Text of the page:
A huge amount of brain power and computing analysis is thrown at FTSE 100 stocks each month. So it’s tempting to think that these shares must always be fairly priced by the market.
Needless to say, I don’t share this view. I believe market sentiment, herd behaviour by fund managers and the impact of short-term news mean that bargains can still be found. Today I’d like to look at two stocks I believe could offer hidden value for shrewd investors.
A break-up bonus
Shares of insurance firm Old Mutual (LSE: OML) fell by 2% on Friday morning, after the group said that adjusted pre-tax operating profit rose by 37% to £969m during the period. Even a 32% increase in the interim dividend wasn’t enough to perk up the share price. So what’s happening?
This impressive increase in profit was partly the result of cash received from the disposal of the group’s Old Mutual Asset Management division. This is part of a process of ‘managed separation’ which should see this conglomerate split up into four parts over the next couple of years.
The firm’s management expects to create value for shareholders by “unlocking the conglomerate discount”. What this means is simply that groups of businesses are often valued at less than the same businesses would be individually.
Old Mutual’s valuation certainly seems pretty modest to me. The stock trades at a 10% discount to the firm’s adjusted net asset value of 220p per share. A forecast P/E of 9.4 and prospective yield of 3.5% also seem quite cheap.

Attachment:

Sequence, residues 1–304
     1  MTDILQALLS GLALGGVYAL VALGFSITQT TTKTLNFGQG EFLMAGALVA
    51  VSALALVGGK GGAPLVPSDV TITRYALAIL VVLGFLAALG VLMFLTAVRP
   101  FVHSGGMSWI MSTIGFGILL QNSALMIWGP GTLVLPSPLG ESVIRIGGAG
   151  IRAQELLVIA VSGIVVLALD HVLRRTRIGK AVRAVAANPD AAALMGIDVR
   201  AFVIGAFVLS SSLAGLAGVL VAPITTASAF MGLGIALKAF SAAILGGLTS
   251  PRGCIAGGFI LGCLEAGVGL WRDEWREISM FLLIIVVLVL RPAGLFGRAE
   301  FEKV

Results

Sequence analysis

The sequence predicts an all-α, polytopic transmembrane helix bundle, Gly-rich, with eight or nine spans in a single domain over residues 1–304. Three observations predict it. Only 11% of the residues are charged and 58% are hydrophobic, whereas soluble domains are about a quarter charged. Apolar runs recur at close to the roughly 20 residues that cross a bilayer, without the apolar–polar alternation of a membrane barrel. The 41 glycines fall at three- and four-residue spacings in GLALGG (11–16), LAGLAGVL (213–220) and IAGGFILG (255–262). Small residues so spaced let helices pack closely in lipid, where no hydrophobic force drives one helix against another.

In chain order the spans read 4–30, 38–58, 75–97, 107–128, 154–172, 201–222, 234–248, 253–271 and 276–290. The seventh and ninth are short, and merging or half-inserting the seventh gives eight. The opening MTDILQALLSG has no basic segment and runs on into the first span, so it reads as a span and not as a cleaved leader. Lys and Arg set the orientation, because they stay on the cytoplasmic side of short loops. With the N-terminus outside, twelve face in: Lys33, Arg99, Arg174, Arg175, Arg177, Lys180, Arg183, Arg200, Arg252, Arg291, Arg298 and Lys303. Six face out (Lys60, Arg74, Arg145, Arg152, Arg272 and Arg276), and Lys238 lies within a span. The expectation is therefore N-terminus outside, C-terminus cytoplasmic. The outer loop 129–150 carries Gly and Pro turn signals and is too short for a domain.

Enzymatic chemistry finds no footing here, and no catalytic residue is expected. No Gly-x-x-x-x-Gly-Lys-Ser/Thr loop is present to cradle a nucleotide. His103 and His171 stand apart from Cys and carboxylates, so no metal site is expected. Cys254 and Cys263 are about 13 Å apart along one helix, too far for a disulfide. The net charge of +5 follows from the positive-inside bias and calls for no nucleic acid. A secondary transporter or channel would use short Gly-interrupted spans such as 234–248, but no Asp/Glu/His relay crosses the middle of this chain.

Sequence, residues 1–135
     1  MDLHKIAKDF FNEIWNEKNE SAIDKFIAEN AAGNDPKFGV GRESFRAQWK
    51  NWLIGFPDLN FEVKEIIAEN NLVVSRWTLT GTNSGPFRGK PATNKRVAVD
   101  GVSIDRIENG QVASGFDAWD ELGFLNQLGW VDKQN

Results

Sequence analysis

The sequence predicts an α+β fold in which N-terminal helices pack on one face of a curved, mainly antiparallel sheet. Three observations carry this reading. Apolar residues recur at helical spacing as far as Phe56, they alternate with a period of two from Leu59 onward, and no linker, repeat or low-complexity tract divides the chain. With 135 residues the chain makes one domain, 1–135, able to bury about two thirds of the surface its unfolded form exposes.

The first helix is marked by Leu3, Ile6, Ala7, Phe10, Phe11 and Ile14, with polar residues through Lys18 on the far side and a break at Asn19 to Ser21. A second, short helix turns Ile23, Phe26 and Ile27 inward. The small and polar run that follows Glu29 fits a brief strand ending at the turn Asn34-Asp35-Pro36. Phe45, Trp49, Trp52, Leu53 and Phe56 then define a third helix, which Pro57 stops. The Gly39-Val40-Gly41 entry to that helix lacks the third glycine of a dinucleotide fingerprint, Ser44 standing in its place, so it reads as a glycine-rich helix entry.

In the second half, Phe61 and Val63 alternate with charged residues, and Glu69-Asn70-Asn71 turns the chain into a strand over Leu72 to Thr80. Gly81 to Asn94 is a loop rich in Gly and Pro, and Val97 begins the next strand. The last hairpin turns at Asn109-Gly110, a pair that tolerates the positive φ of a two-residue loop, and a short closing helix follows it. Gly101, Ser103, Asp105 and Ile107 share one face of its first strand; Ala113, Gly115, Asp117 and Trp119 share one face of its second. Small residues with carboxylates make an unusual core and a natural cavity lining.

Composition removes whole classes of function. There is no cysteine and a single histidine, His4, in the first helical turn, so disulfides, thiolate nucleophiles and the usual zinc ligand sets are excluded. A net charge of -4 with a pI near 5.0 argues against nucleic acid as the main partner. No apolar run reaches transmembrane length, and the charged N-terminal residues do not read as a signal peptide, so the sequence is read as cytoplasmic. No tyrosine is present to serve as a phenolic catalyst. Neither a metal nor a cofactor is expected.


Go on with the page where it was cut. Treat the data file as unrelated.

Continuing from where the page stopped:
Of course, the risk for private investors is that it’s difficult for us to be sure of the value that will be created by the separation process. Shareholder returns may be less than expected.
However, management focus on shareholder value and a modest valuation mean that I’d be comfortable buying this stock at current levels.
The next blockbuster?
The term blockbuster is often used in the pharmaceutical industry. But it can apply elsewhere. Listed private equity firm 3i Group (LSE: III) has had a few blockbuster investments of its own.
The most recent was European budget retailer Action. 3i originally invested £107m in this group in 2011. The company has since received cash returns of £526m from Action and says that its stake in the firm is now worth £1,835m.
Blockbuster investments of this kind don’t come along every day. The big risk for 3i and its investors is that the group’s management will be tempted to overpay for new opportunities.
However, Simon Borrows, 3i’s chief executive, has shown great discipline with new investments in recent years. Assets sales have also been well-timed at largely profitable. This combination has seen the group’s share price rise by 150% in three years.
One risk is that the firm’s last-reported net asset value was just 604p per share. This means that the current share price of 940p prices the stock at a heady 1.6 times book value. The forecast dividend yield of 2.8% isn’t especially generous either.
The market has already priced in quite a bit of growth at 3i. This well-run company may continue to outperform the market, but I’m not sure there’s much hidden value left.